Global Investing

Turkey’s central bank: still a slippery customer

October 20, 2011

The Turkish central bank has done it again, wrong-footing monetary policy predictions with its latest interest rate moves.

On Thursday, the central bank hiked its overnight lending rate by widening the interest rate corridor. While most analysts correctly predicted the central bank would leave its policy rate unchanged, few foresaw the overnight lending rate hike to 12.5 percent from 9 percent.

As Societe Generale’s emerging markets strategist Gaelle Blanchard put it:¬†”They managed to find another trick. This one we were not expecting.”

In August, the central bank shocked the market by cutting its benchmark rate despite inflation running well above its 5.5 percent target. Relying on higher banks’ reserve rate requirements to curb credit, it argued then that the rate cut was necessary to fend off the threat of a domestic recession heightened by a slowdown in global demand.

Initial market disapproval dissipated soon enough. Other emerging economies grappling with rising prices — including Brazil and Indonesia — also decided that the global recession threat was more significant than inflation.

Now, however, the Turks are warning of rising inflationary pressures.

Containing the weakness of the lira — down 11 percent since August despite foreign-exchange auctions to support the currency — is crucial in this respect.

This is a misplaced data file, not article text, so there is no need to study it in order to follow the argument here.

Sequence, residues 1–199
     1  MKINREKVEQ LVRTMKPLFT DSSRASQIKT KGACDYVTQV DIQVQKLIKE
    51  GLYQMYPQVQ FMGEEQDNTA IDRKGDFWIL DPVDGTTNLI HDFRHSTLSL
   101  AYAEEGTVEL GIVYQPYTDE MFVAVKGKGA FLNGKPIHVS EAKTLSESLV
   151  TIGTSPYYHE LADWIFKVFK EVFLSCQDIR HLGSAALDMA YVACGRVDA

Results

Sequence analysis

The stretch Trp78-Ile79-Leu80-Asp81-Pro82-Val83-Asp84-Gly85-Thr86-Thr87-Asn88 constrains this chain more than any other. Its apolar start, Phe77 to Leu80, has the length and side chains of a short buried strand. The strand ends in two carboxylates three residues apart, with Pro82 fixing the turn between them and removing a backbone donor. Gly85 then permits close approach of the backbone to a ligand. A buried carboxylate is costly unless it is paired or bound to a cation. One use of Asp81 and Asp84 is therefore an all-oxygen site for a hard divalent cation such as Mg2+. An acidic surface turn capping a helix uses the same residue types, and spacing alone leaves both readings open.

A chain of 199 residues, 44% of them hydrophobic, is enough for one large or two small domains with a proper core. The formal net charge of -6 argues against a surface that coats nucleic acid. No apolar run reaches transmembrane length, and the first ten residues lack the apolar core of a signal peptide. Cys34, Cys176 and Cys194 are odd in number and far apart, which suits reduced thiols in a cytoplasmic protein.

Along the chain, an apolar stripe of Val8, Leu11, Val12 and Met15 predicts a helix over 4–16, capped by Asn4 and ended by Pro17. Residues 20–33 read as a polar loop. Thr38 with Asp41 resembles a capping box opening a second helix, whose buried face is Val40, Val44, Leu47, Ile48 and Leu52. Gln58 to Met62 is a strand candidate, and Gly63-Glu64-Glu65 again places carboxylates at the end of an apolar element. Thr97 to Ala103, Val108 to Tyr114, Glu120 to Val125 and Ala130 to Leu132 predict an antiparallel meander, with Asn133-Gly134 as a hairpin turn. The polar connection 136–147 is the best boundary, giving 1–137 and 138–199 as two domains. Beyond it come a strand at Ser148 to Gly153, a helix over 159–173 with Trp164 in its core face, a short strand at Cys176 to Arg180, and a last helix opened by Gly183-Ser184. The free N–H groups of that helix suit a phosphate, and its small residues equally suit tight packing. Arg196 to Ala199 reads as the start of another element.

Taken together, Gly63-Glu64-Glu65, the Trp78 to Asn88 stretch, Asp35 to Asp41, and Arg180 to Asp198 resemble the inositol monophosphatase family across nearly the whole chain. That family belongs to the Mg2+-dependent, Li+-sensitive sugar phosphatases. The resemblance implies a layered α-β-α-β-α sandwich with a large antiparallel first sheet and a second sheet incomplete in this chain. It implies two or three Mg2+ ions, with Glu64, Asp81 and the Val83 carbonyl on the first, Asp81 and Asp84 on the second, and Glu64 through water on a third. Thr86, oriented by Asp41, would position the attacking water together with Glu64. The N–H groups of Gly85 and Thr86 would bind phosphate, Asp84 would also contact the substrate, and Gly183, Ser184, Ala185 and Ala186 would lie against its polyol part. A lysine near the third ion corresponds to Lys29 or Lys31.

Analysts say the central bank’s latest moves bring the interest rate tool back into its arsenal. A 4 percentage point rise in the lending rate would squeeze lira liquidity and make the carry trade expensive.

Despite the central bank’s more hawkish tone, analysts appear no more clued in as to the near-term rate direction.

For instance, both BNP Paribas and Capital Economics hail Turkey’s return to “orthodox” monetary policy. But BNP Paribas expects the central bank to raise its policy rate should risk sentiment worsen while Capital Economics sees rates kept on hold until 2013 when policy tightening is likely.

 

Post Your Comment

We welcome comments that advance the story through relevant opinion, anecdotes, links and data. If you see a comment that you believe is irrelevant or inappropriate, you can flag it to our editors by using the report abuse links. Views expressed in the comments do not represent those of Reuters. For more information on our comment policy, see http://blogs.reuters.com/fulldisclosure/2010/09/27/toward-a-more-thoughtful-conversation-on-stories/